I think that part of the reason I love Thanksgiving so much has to do with food and food preparation. Generations of women in my family, on both sides, left a time stamp on my memory of them and their Thanksgiving specialties as well as images of them standing over a stove stirring gravy, or kneading and rolling dough for those famous dinner rolls, or stuffing the bird. And anyone old enough to remember, will agree that, back in those days, everyone stuffed their birds. There may have been a separate casserole of stuffing/dressing, but the bird was always stuffed. It wasnt until much later when we all had our collective consciousness raised about the perils of bird stuffing, that so many people stopped doing it.

Oh but I remember very well, sitting at the kitchen table, at what seemed like the middle of the night, watching my mother stuff and truss the bird. My Dad would help her tuck the wings and the legs in and then out came the big ball of kitchen twine and the kitchen scissors and before you knew it, the big bird was oven ready and the house was filled with that unmistakable smell of Thanksgiving.

Pies, made from scratch, were made a day or two ahead and sat "resting" in the butler pantry off the kitchen. No self-respecting cook, in those days, would have ever dreamed of buying all ready made pie crusts, even if they had been available. It was like a badge of honor to make everything from scratch as well as a labor of love. Pie crusts were works of art as well as taste. Shortening was the hands down, expected ingredient in order to turn out a beautiful, lighter than air, flaky, yet crispy pie crust and cooks all over the country competed with each other on who could prepare the best pie crusts.

For my money and I think my Dad's and anyone else at our Thanksgiving table, the winner would have to have been my Mom. Her pie crusts were melt in your mouth delicious and time after time, no matter what the pie filling, those crusts got raves.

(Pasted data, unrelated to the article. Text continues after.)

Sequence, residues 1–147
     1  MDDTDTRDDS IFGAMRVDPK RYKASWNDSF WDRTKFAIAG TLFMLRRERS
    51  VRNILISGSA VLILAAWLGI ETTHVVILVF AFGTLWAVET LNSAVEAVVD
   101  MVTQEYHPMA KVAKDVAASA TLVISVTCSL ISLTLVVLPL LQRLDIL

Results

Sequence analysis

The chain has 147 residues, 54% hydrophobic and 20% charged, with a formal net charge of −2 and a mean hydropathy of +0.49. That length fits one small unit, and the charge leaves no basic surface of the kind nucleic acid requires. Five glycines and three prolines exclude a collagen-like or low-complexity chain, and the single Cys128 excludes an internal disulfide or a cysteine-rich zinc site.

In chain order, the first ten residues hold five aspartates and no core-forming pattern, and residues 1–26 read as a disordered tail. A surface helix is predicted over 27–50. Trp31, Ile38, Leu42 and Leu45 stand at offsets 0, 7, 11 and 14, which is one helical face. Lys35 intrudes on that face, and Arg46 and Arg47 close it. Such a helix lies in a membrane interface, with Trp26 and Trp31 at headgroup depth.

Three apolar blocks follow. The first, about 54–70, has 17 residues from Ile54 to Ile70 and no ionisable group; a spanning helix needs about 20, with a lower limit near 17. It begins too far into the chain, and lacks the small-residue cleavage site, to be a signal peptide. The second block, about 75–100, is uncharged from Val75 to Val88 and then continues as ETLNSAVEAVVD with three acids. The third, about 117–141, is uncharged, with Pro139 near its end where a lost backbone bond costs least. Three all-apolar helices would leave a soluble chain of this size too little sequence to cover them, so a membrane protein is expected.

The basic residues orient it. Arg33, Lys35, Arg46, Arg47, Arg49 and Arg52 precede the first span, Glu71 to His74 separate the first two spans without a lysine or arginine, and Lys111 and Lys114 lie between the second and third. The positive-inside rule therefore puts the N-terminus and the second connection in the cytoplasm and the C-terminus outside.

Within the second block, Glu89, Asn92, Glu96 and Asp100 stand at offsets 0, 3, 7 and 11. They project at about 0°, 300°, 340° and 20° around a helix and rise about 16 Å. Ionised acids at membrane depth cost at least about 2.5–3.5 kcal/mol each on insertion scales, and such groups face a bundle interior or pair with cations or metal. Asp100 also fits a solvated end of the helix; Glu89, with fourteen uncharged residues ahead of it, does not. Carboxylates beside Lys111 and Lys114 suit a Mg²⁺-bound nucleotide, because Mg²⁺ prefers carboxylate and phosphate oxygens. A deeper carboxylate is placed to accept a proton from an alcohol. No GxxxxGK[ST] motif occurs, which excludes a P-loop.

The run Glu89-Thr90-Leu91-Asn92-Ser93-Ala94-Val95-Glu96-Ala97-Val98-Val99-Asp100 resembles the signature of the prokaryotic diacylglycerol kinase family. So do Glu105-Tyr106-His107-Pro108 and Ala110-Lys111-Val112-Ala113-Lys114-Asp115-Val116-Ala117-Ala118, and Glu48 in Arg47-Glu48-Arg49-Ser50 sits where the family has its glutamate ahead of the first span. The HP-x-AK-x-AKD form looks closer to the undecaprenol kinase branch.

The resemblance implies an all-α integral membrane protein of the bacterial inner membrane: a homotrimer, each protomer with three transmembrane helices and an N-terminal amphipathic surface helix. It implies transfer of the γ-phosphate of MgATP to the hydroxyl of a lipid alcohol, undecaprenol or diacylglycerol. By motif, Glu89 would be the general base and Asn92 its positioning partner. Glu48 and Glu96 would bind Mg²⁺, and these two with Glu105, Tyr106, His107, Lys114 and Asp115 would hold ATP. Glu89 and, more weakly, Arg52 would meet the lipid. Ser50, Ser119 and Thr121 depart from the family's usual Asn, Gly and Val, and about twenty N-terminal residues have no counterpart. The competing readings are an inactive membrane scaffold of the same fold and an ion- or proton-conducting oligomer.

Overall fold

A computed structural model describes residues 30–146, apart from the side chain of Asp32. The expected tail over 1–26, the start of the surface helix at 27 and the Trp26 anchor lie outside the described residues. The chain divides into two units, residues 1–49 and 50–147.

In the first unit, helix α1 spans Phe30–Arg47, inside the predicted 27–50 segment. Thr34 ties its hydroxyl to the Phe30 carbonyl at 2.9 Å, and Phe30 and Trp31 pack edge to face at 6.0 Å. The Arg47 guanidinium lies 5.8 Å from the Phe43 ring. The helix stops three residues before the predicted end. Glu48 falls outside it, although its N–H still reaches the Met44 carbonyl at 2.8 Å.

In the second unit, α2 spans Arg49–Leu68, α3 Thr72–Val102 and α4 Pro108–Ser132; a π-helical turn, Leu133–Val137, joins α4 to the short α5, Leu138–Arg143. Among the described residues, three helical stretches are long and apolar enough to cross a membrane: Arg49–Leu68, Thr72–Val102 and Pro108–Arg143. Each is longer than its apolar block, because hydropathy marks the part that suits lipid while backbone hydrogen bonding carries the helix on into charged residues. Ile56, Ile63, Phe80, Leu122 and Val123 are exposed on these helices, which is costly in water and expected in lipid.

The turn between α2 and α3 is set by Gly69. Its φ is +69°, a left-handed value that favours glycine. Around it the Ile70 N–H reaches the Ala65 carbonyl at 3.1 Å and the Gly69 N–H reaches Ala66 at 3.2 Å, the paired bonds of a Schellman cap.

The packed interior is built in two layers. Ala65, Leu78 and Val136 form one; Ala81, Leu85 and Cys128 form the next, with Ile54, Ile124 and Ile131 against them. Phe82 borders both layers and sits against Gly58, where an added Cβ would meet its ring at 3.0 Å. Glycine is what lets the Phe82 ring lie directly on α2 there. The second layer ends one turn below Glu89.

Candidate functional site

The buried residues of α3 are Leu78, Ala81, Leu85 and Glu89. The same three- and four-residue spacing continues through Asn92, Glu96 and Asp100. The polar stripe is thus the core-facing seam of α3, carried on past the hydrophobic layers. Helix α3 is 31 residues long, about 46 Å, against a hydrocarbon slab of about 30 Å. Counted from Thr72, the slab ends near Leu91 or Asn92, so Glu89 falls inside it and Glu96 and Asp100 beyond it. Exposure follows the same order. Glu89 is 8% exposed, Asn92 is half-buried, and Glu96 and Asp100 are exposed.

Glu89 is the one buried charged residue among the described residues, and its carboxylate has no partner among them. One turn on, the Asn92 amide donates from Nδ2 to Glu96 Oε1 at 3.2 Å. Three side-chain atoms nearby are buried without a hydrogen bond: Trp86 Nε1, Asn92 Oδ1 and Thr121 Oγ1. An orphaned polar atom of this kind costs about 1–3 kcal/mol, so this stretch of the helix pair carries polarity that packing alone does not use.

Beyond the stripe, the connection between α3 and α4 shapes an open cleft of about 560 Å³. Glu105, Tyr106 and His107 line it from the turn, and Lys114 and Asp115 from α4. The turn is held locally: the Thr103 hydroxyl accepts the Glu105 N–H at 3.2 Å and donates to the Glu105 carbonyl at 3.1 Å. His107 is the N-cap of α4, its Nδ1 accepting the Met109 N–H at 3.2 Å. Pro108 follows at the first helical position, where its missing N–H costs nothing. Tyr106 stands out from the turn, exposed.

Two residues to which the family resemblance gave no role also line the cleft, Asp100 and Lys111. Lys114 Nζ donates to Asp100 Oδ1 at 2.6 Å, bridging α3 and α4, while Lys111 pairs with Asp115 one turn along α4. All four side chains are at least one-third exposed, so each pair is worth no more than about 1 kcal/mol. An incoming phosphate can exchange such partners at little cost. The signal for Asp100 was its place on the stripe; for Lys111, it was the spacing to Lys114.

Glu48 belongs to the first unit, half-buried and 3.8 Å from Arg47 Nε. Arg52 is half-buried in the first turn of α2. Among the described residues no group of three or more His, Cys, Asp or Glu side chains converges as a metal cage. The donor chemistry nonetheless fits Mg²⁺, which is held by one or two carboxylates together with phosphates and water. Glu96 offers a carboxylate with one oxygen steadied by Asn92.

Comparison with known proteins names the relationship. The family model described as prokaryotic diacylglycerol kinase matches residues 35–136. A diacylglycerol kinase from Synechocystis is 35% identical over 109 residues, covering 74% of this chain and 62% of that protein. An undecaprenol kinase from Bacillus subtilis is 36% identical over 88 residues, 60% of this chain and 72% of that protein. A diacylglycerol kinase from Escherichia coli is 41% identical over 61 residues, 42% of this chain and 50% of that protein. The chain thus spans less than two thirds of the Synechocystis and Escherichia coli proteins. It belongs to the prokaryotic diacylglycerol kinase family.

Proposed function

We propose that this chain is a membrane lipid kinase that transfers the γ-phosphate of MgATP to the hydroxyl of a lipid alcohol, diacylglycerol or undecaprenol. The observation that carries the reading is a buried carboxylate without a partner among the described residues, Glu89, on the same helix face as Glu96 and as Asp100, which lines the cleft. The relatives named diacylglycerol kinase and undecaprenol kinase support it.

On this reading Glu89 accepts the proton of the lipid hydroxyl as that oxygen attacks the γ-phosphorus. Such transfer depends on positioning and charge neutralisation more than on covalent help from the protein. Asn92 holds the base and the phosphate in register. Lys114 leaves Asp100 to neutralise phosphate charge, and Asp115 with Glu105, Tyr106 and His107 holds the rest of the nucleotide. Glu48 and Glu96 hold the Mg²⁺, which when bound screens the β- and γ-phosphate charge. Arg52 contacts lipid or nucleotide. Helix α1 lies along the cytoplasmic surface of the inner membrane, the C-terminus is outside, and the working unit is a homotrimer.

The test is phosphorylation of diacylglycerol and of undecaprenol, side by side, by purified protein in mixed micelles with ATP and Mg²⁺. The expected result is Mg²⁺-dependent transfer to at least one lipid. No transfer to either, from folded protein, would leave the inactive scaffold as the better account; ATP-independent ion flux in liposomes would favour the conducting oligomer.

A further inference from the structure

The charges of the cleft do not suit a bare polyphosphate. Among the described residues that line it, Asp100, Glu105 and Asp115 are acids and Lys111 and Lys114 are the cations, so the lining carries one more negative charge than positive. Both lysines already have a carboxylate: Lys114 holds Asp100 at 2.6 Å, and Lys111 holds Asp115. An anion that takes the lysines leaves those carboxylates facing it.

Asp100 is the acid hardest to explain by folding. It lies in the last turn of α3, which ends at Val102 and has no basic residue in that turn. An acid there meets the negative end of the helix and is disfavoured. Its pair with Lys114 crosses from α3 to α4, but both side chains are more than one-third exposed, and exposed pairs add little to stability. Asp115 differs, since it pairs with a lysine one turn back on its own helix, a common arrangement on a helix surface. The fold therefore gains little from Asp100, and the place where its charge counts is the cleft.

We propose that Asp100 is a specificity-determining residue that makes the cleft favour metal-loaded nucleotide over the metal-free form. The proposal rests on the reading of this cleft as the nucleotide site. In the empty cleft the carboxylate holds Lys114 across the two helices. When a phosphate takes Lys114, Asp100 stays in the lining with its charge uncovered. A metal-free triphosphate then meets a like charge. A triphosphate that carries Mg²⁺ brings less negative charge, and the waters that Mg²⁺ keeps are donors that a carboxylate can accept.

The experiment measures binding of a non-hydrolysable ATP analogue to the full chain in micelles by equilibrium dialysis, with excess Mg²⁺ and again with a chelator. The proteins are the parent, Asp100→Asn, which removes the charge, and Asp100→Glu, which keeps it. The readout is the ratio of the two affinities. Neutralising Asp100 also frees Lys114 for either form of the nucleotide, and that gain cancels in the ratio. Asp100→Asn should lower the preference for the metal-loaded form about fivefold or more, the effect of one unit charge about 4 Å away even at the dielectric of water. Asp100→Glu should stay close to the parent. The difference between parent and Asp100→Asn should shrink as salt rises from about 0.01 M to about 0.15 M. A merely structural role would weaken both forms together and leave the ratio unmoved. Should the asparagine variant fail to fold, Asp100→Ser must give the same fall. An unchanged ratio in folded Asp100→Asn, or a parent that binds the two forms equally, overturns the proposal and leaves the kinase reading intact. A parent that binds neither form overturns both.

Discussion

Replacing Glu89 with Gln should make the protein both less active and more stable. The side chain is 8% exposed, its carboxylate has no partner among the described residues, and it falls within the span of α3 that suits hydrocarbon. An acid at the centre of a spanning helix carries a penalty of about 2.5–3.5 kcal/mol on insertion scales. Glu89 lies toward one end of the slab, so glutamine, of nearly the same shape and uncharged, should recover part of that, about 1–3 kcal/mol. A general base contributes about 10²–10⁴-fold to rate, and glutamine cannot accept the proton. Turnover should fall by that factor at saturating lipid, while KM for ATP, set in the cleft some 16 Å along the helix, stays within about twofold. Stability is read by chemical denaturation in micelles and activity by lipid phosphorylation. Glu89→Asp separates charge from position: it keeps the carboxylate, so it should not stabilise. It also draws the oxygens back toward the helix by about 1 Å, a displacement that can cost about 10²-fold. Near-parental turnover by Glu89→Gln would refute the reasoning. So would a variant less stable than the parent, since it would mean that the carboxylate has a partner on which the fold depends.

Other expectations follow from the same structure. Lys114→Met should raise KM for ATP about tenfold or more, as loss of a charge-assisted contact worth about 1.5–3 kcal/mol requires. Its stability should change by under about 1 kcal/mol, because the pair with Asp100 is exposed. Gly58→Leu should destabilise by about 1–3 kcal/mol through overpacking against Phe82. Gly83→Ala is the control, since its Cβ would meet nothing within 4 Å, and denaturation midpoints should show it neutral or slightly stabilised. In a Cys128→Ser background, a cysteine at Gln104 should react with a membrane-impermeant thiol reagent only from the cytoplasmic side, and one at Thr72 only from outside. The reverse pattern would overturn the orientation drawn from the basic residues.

My Mom was an excellent cook. Certainly not classically trained. But she and her Better Homes and Gardens cookbook managed to make mouths water at every holiday meal.

Gravy didnt come from a jar and stuffing didnt come out of a package. Standing at the kitchen counter and tearing endless pieces of bread was my job and my contribution to the feast and these days, when I stand at my own kitchen counter, tearing bread apart for dressing, I remember back to those days when, as a little girl, it all seemed so special and magical and I smile and I remember the effort and love that went into all that was Thanksgiving. From the food, to the relatives, to the drive to an aunt's house one year, to the heavy warmth of a house filled with too many people who had probably had too much beer, to the coats piled high on the bed. And of course, to that moment when Dad or Uncle Walt would stand at the head of the table, knife in hand and say a few words about what the day meant and then begin carving into that big, beautifully browned bird.

The day is all about food and football. Im sorry that it also has become all about shopping. However, each to his own, and I can understand that Black Friday, has become for many, a new tradition and regardless of what that tradition is, I am all for tradition and making memories.